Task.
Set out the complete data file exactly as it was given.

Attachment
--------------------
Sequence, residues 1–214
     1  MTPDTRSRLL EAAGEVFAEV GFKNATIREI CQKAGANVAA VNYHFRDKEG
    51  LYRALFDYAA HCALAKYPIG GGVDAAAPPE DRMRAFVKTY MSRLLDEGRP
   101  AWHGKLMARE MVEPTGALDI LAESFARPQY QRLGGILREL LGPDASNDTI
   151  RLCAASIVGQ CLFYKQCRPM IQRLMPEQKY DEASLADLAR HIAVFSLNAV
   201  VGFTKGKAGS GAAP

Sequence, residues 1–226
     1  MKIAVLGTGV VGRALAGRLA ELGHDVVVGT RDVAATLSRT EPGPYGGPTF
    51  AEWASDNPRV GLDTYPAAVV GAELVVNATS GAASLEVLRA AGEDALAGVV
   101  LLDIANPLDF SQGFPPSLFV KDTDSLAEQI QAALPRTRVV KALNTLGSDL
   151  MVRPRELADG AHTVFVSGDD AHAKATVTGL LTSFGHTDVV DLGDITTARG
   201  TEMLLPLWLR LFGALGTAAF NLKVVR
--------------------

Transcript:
Sequence, residues 1–214
     1  MTPDTRSRLL EAAGEVFAEV GFKNATIREI CQKAGANVAA VNYHFRDKEG
    51  LYRALFDYAA HCALAKYPIG GGVDAAAPPE DRMRAFVKTY MSRLLDEGRP
   101  AWHGKLMARE MVEPTGALDI LAESFARPQY QRLGGILREL LGPDASNDTI
   151  RLCAASIVGQ CLFYKQCRPM IQRLMPEQKY DEASLADLAR HIAVFSLNAV
   201  VGFTKGKAGS GAAP

Sequence, residues 1–226
     1  MKIAVLGTGV VGRALAGRLA ELGHDVVVGT RDVAATLSRT EPGPYGGPTF
    51  AEWASDNPRV GLDTYPAAVV GAELVVNATS GAASLEVLRA AGEDALAGVV
   101  LLDIANPLDF SQGFPPSLFV KDTDSLAEQI QAALPRTRVV KALNTLGSDL
   151  MVRPRELADG AHTVFVSGDD AHAKATVTGL LTSFGHTDVV DLGDITTARG
   201  TEMLLPLWLR LFGALGTAAF NLKVVR